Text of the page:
Headstone of famous Lusmagh man returns home

Headstone of famous Lusmagh man returns home
Derek Fanning

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Derek Fanning

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deputyeditor@midlandtribune.ie

The headstone of the famous Lusmagh man Edward Dolan has returned home and a ceremony was held in Kilmachunna Cemetery on Sunday to mark the event.
Edward (Ned) was the author of the famous song “The Lusmagh Fields So Green”, a lilting, attractive song which is very popular in the local community.
His headstone had been in a graveyard in Australia for many years but it had to be brought back to Ireland because of a rule in the Australian graveyard which states that plots are removed if there is no living relative.
Local historian Margaret Barton told the gathering in Kilmachunna that Ned emigrated to Australia from Lusmagh 110 years ago. He was born on the 24th of February, 1886, she said, the son of Thomas Dolan and Margaret Melody.
“We mostly remember Ned because of his famous song. He worshipped in Lusmagh catholic church, where we worshipped this morning, and he went to school in Lusmagh Hall, where we will be going for refreshments after this.
“A momentous time in his life occurred in 1908 when his uncle Dan returned home for a visit from Australia. Ned decided to emigrate to Australia with his uncle. We can tell from his song that Ned, like many emigrés, was a bit lonely and down in the dumps for a while in his new country. The girlfriend he left behind him in Lusmagh was Rose Kelly. Rose eventually married Michael Sullivan and they settled in Lusmagh.”
Margaret talked about the various names referred to in his song. “He talks about ‘the Deerpark stile.’ This was on Deerpark Hill where, according to legend, the Tuatha Dé Danann, after the Battle of Moytura came to bathe and be healed. It’s from this legend that the area got its name ‘The plain of healing herbs’. He mentions the ruins of a mill in the area.
“He talks about Cruachan Street. In Cruachan there is a children’s burial ground, where unbaptised children were buried because they weren’t permitted to be buried in consecrated ground. There are a number of unbaptised children’s graveyards in the area. There is a large number of them scattered across Ireland. Fr Michael Kennedy blessed some of them in moving ceremonies over the years. I think it would be a fitting, appropriate thing to do to place a plaque at those sites.”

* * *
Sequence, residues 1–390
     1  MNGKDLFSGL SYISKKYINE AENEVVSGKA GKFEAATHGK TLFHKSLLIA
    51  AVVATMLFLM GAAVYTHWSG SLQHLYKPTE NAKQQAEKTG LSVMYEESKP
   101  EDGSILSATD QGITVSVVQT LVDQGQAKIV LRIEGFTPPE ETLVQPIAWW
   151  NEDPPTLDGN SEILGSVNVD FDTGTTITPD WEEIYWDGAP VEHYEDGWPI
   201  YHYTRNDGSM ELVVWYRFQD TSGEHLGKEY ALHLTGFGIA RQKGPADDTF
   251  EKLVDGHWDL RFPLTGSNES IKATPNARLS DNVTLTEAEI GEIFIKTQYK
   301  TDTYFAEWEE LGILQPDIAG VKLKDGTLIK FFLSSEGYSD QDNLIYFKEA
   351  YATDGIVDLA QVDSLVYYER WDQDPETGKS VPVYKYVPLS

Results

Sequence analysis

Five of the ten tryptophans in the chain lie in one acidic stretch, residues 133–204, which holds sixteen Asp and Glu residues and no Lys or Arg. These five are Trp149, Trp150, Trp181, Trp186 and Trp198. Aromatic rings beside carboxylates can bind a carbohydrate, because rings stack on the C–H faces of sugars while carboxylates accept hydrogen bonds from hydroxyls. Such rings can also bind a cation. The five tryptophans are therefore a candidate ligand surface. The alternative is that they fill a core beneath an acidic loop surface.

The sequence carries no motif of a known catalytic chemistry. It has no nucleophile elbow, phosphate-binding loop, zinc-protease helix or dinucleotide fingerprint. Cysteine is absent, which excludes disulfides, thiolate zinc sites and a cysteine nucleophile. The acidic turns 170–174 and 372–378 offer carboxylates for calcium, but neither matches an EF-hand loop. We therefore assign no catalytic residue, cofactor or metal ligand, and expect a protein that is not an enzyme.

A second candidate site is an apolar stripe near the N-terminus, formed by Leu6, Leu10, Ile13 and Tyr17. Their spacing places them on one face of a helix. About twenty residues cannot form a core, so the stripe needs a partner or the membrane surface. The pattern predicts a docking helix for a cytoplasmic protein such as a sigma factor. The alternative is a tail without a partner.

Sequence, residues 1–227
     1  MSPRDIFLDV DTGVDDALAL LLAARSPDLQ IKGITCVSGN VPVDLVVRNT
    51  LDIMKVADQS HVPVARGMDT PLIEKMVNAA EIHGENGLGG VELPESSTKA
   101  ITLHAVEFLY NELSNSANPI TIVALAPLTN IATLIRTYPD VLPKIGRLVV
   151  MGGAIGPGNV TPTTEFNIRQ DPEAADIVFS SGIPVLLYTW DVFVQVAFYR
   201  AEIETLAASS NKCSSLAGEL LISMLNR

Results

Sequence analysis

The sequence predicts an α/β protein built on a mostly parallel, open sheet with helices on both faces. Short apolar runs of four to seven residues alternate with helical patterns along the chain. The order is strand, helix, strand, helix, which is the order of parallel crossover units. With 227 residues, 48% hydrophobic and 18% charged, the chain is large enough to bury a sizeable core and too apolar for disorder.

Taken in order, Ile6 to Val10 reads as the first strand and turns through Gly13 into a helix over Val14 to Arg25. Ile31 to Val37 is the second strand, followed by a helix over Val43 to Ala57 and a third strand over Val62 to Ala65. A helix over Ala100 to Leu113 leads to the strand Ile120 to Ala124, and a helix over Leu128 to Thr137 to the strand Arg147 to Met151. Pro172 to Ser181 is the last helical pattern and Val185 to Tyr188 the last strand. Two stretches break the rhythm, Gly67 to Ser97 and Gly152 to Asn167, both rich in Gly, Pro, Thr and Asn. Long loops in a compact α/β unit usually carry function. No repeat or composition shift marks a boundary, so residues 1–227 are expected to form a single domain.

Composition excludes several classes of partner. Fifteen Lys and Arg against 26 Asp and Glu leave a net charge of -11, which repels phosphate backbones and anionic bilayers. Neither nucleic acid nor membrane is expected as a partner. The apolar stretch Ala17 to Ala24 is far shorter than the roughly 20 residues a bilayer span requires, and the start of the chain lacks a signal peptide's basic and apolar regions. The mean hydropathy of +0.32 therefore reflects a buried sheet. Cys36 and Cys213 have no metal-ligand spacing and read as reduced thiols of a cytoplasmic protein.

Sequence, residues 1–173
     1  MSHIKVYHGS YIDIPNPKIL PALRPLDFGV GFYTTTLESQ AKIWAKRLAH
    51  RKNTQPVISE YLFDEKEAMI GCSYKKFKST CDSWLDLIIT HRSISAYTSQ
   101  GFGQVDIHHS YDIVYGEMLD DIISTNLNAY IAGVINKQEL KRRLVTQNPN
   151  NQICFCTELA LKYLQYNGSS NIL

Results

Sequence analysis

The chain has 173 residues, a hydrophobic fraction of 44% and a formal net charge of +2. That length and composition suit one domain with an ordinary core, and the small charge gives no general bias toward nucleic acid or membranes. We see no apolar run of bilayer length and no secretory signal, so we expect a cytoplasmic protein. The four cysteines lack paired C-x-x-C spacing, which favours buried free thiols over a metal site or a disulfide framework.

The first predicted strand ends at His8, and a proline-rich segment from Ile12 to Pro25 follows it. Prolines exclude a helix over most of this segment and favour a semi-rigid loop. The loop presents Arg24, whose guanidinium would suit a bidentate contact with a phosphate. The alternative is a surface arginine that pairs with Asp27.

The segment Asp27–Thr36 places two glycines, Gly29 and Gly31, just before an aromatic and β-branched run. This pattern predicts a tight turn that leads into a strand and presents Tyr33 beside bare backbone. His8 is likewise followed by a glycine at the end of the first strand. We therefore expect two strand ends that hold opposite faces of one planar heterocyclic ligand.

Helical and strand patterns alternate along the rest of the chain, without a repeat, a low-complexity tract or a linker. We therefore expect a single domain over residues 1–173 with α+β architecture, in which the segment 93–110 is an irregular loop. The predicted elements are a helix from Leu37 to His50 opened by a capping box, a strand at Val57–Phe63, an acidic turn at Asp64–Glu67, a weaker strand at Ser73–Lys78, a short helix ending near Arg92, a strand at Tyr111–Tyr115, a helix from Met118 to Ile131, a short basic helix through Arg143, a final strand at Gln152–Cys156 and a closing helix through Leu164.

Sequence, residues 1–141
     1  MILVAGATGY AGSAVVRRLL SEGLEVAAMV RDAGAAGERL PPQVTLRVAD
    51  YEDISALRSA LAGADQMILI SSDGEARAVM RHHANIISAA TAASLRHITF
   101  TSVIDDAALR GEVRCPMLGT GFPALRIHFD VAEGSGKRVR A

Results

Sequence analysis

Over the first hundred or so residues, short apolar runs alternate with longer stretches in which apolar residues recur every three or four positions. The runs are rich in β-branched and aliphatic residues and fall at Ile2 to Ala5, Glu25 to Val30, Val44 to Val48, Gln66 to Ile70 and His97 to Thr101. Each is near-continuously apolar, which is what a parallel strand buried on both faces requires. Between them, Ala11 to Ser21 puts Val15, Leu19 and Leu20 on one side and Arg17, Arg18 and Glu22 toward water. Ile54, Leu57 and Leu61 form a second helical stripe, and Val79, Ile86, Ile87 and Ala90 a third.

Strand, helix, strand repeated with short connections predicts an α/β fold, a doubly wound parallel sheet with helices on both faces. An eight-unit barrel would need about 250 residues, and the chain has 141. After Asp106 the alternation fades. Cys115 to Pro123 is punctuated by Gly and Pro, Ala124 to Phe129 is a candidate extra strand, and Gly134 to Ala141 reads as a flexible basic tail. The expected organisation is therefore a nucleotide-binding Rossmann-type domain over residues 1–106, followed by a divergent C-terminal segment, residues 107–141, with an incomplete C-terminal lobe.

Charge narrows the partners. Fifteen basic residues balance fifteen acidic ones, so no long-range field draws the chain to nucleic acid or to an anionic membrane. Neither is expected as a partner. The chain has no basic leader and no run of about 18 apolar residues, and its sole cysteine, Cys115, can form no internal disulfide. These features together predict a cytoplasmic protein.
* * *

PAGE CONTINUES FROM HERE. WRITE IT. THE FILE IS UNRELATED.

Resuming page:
She said Ned grew up in a village of 22 to 24 houses in Lusmagh. Now there are only a few houses left in that area.
She said she was certain that Ned’s spirit was present with us during the ceremony in Kilmachunna. “Two years ago we erected a plaque here to local man Michael Larkin, one of the Manchester Martyrs. The ancestors of Mary Mitchell, the author of Gone with the Wind, also lived in the area.
“We are very happy to be welcoming home Ned’s headstone. It’s only appropriate that it should be here in the place where his heart was. A lot of work went into getting his headstone back to Lusmagh from Australia, work carried out by the members of his step family in Australia.”
Fr Michael Kennedy also spoke during the unveiling. He asked for “the Almighty’s blessing on this stone. Ned greatly loved Lusmagh. It was where his heart was. We all know the strong draw to our homeplace, to the place where we grew up. It’s one of the strongest urgings, one of the strongest impulses, of the human heart. The cliché is true – home is where the heart is. Many emigrants badly wanted to return to their homeland but sadly they never got the opportunity to return. Ned sadly was one of those. He would have empathised deeply with Daniel O’Connell who asked on his deathbed that his body go to Ireland, his heart to Rome and his soul to heaven. Daniel O’Connell knew the importance of prayer. If we forget to pray then our gestures, our statements don’t hold much sincerity. As we stand in graveyards the people from beyond the grave seem to be saying to us, ‘Remember me, remember me.’ Well in Lusmagh we certainly haven’t forgotten Ned.”
“The Lusmagh Fields So Green” is in seven verses. In the first verse the songwriter says, “In London town I do lie down upon my bed to sleep. / When I think of home and how I must roam across the waters deep, / I can’t sleep a wink whene’er I think of home and my colleen / Will I ever more see you astor or the Lusmagh fields so green.” Johnny McEvoy sings a nice version of the song, on YouTube.

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